Willy Wonka & the Chocolate Factory is without a doubt a classic. If you’re not obsessed with the Oompa Loompas, then you’re WISHING you could take a dip in the chocolate river. Or is that just me? It’s hard to believe that this movie has been out for 45 years! Seriously. To celebrate, we have the very best secrets about the movie and we’re sharing them with you!

1. Willy Wonka & the Chocolate Factory was based on Roald Dahl’s book, Charlie and the Chocolate Factory.

Does anyone else remember reading this as a kid? It was one of my favorites.

2. Apparently, Roald was so unhappy with how the movie portrayed his book that he refused to give up the rights to Charlie and the Great Glass Elevator.

It’s also reported that Roald never even watched the entire film because he hated it so much. Conflicting sources say that he attended the premiere and was always happy while on set.

If he really didn’t like the movie, I can’t say I blame him.

Yes, the movie is wonderful, but it has moments that really deviate from the book.

3. Gene Wilder only agreed to play Willy Wonka on one condition.

He wanted to be able to do the scene where he walks out of the factory using a cane, and after the cane gets stuck, he falls forward and does a somersault.

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Apparently he was insistent on this because he knew that from that moment on, nobody would know if he was being truthful.

I have to applaud him on that thought process. It really helped mold his character.

4. One of the actors playing an Oompa Loomp supposedly believedhe was the one steering the Wonkatania.

In fact, it was actually on a set of tracks, but the director didn’t want anyone to know so it would look as believable as possible.

I love the thought of someone thinking he was in charge of driving a boat with every single cast member aboard.

That’s a lot of pressure!

5. The kids each earned about $500 a week for nine weeks of filming and still occasionally receive residual checks when the movie airs on TV.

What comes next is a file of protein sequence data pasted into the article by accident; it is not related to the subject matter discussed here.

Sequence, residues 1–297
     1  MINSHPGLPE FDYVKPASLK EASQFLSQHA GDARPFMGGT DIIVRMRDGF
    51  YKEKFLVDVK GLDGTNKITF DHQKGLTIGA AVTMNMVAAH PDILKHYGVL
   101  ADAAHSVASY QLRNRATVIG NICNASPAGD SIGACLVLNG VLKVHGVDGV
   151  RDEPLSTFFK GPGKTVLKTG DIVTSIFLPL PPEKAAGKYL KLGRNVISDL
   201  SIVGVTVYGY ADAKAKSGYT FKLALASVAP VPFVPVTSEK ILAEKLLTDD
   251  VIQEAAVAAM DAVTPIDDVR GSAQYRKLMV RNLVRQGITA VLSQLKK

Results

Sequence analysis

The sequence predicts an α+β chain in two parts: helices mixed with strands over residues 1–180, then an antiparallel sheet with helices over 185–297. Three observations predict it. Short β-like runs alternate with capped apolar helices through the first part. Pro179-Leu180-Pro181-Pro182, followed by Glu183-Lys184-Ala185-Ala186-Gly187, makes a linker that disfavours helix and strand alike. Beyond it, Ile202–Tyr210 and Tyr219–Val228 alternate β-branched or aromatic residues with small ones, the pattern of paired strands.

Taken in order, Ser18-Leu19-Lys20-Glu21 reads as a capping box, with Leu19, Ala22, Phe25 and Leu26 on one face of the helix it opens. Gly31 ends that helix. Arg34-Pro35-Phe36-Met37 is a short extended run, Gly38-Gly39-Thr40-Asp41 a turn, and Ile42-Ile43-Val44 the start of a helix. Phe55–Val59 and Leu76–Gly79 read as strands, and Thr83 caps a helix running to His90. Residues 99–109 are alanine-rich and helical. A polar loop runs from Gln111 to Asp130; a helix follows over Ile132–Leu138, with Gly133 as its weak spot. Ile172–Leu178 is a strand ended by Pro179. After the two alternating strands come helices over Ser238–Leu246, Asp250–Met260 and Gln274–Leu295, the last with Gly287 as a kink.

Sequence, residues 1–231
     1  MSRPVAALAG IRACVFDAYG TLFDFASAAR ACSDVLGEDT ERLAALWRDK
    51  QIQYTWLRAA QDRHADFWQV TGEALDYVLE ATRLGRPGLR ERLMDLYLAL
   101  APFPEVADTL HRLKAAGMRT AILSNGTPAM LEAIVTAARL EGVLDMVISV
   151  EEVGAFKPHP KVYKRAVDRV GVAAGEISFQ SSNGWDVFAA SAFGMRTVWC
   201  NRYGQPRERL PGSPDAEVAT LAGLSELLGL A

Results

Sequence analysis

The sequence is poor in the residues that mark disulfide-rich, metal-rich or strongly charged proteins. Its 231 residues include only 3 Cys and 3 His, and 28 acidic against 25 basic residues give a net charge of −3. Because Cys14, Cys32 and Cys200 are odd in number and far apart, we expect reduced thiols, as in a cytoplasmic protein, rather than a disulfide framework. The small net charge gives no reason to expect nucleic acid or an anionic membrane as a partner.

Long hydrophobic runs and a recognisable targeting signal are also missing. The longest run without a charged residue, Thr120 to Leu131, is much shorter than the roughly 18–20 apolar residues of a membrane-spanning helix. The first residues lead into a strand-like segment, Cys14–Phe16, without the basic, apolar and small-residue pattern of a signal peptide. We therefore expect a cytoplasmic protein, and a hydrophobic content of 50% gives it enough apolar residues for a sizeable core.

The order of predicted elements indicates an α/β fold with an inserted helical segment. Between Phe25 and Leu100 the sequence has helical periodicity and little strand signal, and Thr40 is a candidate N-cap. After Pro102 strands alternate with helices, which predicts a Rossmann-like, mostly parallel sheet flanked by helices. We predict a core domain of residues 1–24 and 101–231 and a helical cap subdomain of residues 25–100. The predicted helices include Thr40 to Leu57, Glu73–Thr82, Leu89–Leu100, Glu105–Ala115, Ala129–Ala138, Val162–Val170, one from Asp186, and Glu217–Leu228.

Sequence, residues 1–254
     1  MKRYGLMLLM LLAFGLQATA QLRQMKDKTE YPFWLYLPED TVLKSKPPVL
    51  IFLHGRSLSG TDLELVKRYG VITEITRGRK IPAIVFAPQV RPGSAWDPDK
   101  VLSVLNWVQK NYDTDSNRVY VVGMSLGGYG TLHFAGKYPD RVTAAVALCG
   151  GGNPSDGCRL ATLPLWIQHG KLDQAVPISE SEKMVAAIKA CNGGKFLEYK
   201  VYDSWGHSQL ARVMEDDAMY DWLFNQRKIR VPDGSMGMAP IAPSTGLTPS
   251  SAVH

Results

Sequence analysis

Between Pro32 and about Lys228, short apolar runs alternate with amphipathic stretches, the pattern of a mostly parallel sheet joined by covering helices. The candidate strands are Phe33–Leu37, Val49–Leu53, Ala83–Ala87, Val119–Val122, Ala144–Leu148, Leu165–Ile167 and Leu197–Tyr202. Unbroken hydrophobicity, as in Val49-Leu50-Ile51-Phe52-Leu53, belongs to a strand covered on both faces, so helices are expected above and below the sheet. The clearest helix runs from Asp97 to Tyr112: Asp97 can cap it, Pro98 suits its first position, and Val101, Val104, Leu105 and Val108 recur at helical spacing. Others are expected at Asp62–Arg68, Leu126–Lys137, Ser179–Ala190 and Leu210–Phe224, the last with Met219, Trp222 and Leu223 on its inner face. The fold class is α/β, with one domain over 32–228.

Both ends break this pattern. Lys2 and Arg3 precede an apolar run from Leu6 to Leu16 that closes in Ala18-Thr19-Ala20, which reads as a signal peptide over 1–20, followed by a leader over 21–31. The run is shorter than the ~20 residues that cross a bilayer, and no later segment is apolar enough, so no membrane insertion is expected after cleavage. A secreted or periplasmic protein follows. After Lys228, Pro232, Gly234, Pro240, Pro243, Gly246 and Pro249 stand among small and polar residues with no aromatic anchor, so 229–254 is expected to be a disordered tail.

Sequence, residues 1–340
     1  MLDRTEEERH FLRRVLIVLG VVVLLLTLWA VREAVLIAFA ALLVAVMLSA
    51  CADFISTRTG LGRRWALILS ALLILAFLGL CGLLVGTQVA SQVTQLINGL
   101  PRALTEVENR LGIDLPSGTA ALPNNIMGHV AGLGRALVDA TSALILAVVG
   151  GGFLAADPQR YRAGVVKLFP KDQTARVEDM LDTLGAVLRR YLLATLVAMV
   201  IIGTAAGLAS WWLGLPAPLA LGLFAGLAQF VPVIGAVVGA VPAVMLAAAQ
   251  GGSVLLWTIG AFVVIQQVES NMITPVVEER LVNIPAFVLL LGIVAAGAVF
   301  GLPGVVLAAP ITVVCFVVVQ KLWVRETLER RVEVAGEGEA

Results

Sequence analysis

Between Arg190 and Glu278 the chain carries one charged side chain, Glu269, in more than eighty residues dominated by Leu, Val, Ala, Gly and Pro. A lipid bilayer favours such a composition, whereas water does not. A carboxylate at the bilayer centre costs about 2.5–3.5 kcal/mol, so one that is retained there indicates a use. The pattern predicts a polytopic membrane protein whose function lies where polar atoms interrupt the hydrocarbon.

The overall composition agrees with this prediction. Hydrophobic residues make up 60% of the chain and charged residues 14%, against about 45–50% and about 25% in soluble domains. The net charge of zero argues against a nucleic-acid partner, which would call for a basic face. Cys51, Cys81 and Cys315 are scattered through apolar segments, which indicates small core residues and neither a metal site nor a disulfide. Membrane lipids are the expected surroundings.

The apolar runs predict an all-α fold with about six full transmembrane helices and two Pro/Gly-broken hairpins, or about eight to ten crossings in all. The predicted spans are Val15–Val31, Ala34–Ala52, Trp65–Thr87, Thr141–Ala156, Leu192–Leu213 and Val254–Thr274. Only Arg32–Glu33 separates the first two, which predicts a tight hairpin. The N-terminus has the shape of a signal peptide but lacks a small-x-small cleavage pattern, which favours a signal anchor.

If only they knew how much child actors make these days…


Although for 1971, that was a lot of money. If you adjust for inflation, it’s as though they were earning roughly $3000 a week.

And suddenly I’m jealous of a bunch of children.

6. Most of the “candy” on set was just props. Unless the kids were actually shown eating something, it was fake!

Imagine being a child cast in a movie about a chocolate factory and that crushing disappointment you’d feel when you realize it’s all fake.

7. The chocolate river was made of 150,000 gallons of water, real chocolate, and cream. By the end of filming, the cream started to spoil, so the smell of the set was unbearable.

That actually makes me sick to my stomach. How did nobody consider that would happen?

8. The foam used during the scene with the “Wonka wash”  is what’s found in fire extinguishers.

They didn’t know until after that it was a skin irritant, and many people had to receive medical treatment after they came in contact with it.

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Am I the only one who thought that this scene looked like it would be so fun to film?

You know, besides the irritants and such.

9. Julie Dawn Cole, who played Veruca Salt, dropped herself onto a rock that she thought was fake and her leg started to bleed.

If you look closely, you can see her stocking is covered in blood.


10. Even though she was told not to, Julie took home a Golden Ticket, a Willy Wonka candy wrapper, and an Everlasting Gobstopper after the movie wrapped.

I can’t say I blame her. I would have snagged as much candy as I could from the set.

For those who are curious, this is what Julie looks like these days!

She really aged well, right???

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11. Most of the Wonka Bars were actually made of wood.

Another day on set, another disappointed child actor.

12. Peter Ostrum, who played Charlie, went through puberty during filming.

In the start of the movie, his voice is much higher than it is at the end.

13. Peter never appeared in another movie after this one, refusing the spotlight — and he even turned down some big roles.

He said he didn’t want acting to be his profession and actually went on to be a veterinarian instead.

This is what he looks like these days.

He’s adorable. I wish he were my cat’s veterinarian!


14. The film’s copyright was initially held by the Quaker Oats company.

They were coming out with a line of sweet cereals and thought this would be a good way to promote it.

Quaker Oats eventually ended up selling its share of the film’s rights to Warner Bros. for $500,000.

Do you think that was the right call?

15. The movie was originally considered to be a flop at the box office, as it only made $4 million.

Michael Bollner, who plays Augustus Gloop, didn’t even know he was famous until years later.

That’s actually pretty hilarious. I would have loved to see his face when he discovered the truth.

This is what he looks like these days for the curious minds out there!

How many times have you seen this movie? Don’t you just LOVE it? COMMENT and tell us what you think!